Due to the delicate nature of international relations with the People’s Republic of China, Bibliopunkk remains “on sabbatical.” Filling in for her is the world’s cutest freelancer, Greg Baldino
Anya has worked so damn hard to fit in at her high school. She’s almost completely lost her native Russian accent, and while she’s far from accepted by the popularati she’s at least got the “good sense” to keep herself above The Untouchables. She just might almost have the attention of the hottest boy in school, even.
And then she goes and falls down a well.
It’s a good book.
Greg Baldino lives and writes in Chicago where he–
Oh fine, there’s more.
Anya falls down a well, yes. Fortunately she’s okay. Unfortunately, the last young lady who fell down the well didn’t fair so well, and now her ghost haunts the remains of her skeleton. Anya manages to get out, but ends up taking a little bit of her new “friend” with her. At first she’s a pain (The ghost, not Anya. Well, Anya’s a bit of a pain too…) but soon the perks of having an invisible friend who can walk through walls start to make Anya’s life a little easier.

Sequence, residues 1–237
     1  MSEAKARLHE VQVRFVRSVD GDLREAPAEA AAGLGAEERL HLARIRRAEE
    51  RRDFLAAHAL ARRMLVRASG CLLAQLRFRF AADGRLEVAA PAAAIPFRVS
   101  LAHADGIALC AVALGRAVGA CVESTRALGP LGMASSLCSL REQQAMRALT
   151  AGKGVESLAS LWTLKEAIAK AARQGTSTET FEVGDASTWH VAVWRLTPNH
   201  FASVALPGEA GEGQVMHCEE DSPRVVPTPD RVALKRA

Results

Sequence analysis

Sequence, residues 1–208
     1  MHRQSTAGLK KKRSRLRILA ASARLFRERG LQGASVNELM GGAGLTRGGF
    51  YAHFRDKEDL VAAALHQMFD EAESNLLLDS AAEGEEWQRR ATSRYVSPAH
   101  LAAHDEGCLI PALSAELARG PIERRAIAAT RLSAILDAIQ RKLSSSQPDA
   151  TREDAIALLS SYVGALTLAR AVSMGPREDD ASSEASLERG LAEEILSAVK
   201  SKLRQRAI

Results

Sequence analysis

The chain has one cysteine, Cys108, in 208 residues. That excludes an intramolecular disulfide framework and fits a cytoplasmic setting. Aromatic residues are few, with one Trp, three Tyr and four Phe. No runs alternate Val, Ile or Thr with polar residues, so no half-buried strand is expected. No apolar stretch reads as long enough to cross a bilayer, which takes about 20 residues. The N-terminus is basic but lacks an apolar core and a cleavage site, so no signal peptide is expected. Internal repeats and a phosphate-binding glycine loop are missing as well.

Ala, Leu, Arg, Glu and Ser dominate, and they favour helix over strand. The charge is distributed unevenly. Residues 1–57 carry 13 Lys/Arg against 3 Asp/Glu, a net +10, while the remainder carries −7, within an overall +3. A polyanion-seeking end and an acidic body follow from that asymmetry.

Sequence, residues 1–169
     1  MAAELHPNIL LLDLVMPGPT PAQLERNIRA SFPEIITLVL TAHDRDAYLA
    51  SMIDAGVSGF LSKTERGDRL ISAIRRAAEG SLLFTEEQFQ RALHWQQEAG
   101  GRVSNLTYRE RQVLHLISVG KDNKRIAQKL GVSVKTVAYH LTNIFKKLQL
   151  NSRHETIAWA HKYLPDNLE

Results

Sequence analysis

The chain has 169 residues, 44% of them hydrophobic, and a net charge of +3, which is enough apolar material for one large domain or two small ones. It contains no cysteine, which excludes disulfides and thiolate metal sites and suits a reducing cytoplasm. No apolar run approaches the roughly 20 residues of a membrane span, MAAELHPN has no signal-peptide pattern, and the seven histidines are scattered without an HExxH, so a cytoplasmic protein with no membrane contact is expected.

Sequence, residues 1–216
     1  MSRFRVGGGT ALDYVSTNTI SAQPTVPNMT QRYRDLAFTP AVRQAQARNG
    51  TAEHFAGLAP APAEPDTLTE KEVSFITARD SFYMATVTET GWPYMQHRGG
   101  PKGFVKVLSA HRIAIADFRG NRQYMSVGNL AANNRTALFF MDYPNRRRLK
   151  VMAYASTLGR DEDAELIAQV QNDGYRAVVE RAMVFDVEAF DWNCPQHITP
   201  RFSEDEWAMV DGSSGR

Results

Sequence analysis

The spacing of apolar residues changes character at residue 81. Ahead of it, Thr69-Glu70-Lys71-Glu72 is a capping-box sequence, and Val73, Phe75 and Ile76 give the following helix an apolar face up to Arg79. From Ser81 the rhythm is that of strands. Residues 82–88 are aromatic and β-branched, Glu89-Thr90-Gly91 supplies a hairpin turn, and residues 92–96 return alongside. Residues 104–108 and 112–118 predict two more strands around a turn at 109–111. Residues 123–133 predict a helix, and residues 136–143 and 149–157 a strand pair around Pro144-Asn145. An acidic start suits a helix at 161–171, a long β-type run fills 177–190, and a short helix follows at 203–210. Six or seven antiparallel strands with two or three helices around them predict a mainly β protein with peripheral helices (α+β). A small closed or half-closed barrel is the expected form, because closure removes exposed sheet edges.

Then things get bad.
BUNNY BOILING BAD
I rather enjoyed Anya’s Ghost. It’s a graphic novel with wonderfully smooth emotive lines and a very subtle use of black and gray tones that makes it seem oh-so-sweet-and-safe-and-innocent before things start to get dangerous. It’s a story about friendship, and appearances, and how sometimes the things we least want to hear are the most important. As I read it, I really started to feel like it was a sort-of older cousin to Neil Gaiman’s Coraline. Anya is definitely a full-blooded teenager; she talks back to her mother, smokes, makes bad decisions, and does everything she can to shirk responsibility.
Like I said, she’s a teenager.
But Anya gets put to the test by events that thrust her into territory that gets pretty damn menacing, and she has to face the fact that if she can’t get herself together she might lose the people that she forgot meant something to her. (And I don’t mean that in a “No one came to my birthday party!” kind of way, more a “No one found my mother’s body!” fashion. Despite this rather darkity dark dark darkness, writer-artist Vera Brosgol’s soft lines gives the book a warm feel. Think Harriet the Spy filtered through Clive Barker and you’ve kind of got it.
I really want to see more from Vera. Another Anya book would be great, but I trust her storytelling skills enough that whatever her next project is, I will check it out.